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'It's far from over.' Pilot Mountain fire tops 1,000 acres, 20% contained.
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'It's far from over.' Pilot Mountain fire tops 1,000 acres, 20% contained.

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A wildfire that started Saturday has burned more than 1,000 acres in Pilot Mountain State Park, officials said Tuesday afternoon.

Around 60 N.C. Forest Service firefighters were working in the park Tuesday. No structures inside the park have been damaged, said Jimmy Holt, Guilford County ranger for the N.C. Forest Service.

“We have a good handle on this,” Holt said. “Of course, with the conditions we’re facing right now, it’s far from over. There’s a lot of work that’s left to be done."

Pilot Mountain Fire from Monday

The challenges faced by firefighters include continued dry weather and low humidity in the forecast for the next week, he said. Those conditions prompted the forest service on Tuesday to issue a statewide ban on outdoor burning.

Holt noted that the area has gotten just 3/10 of an inch of rain in November, far below the average 3 inches for the month.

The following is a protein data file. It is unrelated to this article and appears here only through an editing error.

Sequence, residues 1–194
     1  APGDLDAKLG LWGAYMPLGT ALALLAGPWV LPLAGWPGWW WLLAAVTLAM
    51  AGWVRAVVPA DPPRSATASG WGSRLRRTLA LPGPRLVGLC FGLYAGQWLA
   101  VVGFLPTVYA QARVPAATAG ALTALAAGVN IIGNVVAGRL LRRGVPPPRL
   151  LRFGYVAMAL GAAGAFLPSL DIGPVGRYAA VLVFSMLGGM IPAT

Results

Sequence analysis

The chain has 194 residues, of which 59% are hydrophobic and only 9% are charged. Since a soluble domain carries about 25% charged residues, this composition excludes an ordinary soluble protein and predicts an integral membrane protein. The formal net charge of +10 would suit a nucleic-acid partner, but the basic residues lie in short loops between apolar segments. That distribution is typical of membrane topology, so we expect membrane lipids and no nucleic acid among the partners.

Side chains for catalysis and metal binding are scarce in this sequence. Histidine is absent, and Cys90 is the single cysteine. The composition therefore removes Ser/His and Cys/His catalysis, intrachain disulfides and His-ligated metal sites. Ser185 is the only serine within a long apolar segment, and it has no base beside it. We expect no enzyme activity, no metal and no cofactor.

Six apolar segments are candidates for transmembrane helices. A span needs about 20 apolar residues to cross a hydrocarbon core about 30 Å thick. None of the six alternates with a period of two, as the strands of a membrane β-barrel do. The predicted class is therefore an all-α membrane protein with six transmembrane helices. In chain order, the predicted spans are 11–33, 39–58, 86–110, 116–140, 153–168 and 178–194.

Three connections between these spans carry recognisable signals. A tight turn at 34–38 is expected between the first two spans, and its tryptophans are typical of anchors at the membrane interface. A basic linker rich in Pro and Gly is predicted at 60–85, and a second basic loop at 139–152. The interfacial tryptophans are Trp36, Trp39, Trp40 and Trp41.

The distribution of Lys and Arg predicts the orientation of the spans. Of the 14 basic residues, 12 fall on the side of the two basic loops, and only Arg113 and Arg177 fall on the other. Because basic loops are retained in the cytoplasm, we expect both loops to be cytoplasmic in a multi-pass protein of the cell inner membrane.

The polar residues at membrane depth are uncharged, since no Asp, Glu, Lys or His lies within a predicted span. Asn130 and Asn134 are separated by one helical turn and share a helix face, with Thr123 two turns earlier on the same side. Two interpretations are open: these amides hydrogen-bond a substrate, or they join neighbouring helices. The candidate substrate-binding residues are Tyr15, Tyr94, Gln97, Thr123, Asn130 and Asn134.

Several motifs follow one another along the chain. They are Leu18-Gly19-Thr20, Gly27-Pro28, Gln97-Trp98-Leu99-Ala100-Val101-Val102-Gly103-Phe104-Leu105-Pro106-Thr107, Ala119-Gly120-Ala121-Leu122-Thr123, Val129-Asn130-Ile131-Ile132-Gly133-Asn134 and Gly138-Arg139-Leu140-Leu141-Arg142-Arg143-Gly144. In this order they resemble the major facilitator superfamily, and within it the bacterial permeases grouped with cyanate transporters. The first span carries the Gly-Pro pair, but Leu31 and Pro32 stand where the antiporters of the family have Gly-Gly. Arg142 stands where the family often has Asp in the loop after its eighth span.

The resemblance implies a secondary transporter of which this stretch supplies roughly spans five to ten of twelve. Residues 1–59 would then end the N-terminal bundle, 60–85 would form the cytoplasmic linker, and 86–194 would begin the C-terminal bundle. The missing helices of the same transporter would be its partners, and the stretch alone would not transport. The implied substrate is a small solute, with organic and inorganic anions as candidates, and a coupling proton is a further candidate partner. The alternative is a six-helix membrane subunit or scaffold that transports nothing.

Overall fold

“The weather has definitely not been in our favor,” he said.

Potential fuel for the remaining flames also poses a challenge. Firefighters must remove dead, dying and burning trees still standing in the area, Holt said.

“Crews will go in with chainsaws and put those trees on the ground and alleviate the chances of burning embers being carried across the containment lines," he explained.

Pilot Mountain Fire

Fire burns along the western ridge of Pilot Mountain on Monday night. The fire reportedly started Saturday night.

As of Tuesday afternoon, the forest service considered the fire 20% contained, Holt said, adding that the figure does not represent the size of the area still burning.

“That means 20% of those containment lines, we feel we could walk away from and they’d need no attention,” he explained.

Firefighters on Monday afternoon intentionally burned leaves, trees and other materials on the forest floor that could act as fuel.

“In some areas the fire was progressing (on its own) down the mountain very quickly, and other areas were more patchy,” Holt said in explaining the intentional burn strategy.  “Firefighters … were just bringing that fire down the mountain with the assistance of drip torches.”

Firefighters will also soak unaffected areas with water in a process they refer to as “mopping up.”

“It’s a dirty, slow process,” Holt said.

One of the next steps in fighting the fire will be determining how far inside the containment line to carry out that process, he said.

“A lot of times, if you mop up 100 feet in and you still have some heat,  that’s OK,” he explained. “We can monitor that heat until we get significant rainfall."

Holt has said that the fire, which started Saturday near the park’s Grindstone Trail, was "human caused in some form." Law enforcement officers will investigate in an effort to pinpoint what sparked the blaze.



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